The Real Estate Board of New York is urging New York City to adopt national licensing practices for crane operators, two years after the collapse of two cranes in the city.
The city responded to earlier calls by the American Federation of Labor and Congress of Industrial Organization’s research division to start national licensing by enforcing licensing procedures for class C cranes (the smallest size). REBNY is now advocating for that to become standard for all sizes.
A crane collapsed at the Turtle Bay construction site at 303 East 51st Street in March 2008 killing seven people. Only 10 days later, two were killed as a crane collapsed during the construction of a high-rise at 2125 North Bayshore Drive in Florida. In May 2008, two were killed at the Azure condominium site at 333 East 91st Street.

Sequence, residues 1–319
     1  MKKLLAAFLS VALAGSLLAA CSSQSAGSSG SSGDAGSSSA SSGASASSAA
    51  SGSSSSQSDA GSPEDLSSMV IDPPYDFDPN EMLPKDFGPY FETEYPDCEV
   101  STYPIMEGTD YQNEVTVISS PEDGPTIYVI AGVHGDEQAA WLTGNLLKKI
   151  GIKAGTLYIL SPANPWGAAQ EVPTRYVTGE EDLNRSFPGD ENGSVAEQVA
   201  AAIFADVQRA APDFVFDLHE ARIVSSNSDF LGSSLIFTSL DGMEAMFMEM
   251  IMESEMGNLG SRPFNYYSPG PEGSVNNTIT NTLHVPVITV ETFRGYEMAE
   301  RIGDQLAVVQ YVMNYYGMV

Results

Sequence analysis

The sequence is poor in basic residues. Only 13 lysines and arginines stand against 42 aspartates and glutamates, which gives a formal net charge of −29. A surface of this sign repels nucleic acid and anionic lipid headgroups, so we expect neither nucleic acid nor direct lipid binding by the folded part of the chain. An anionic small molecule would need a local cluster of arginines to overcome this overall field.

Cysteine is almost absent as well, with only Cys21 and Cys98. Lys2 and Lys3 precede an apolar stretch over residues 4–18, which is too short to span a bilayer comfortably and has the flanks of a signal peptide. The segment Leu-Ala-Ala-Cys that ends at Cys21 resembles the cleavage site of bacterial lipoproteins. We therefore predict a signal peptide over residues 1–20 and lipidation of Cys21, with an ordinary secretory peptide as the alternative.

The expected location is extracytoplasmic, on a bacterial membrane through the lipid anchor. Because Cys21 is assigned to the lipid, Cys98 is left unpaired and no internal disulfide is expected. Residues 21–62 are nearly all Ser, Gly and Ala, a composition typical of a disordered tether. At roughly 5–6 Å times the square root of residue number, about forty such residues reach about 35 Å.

Formal licensing makes sure that all drivers are up to speed on new technology, and introduces certifications and practical exams. The federal agency Occupational Safety and Health Administration is insisting these measures be implemented by 2014.
This might also result in a loss of control for Local Unions 14 and 15, said REBNY on their facebook page. At the moment it is nearly impossible to obtain a license without participation in these unions.
The City Council and the Department of Buildings were not immediately available for comment. TRD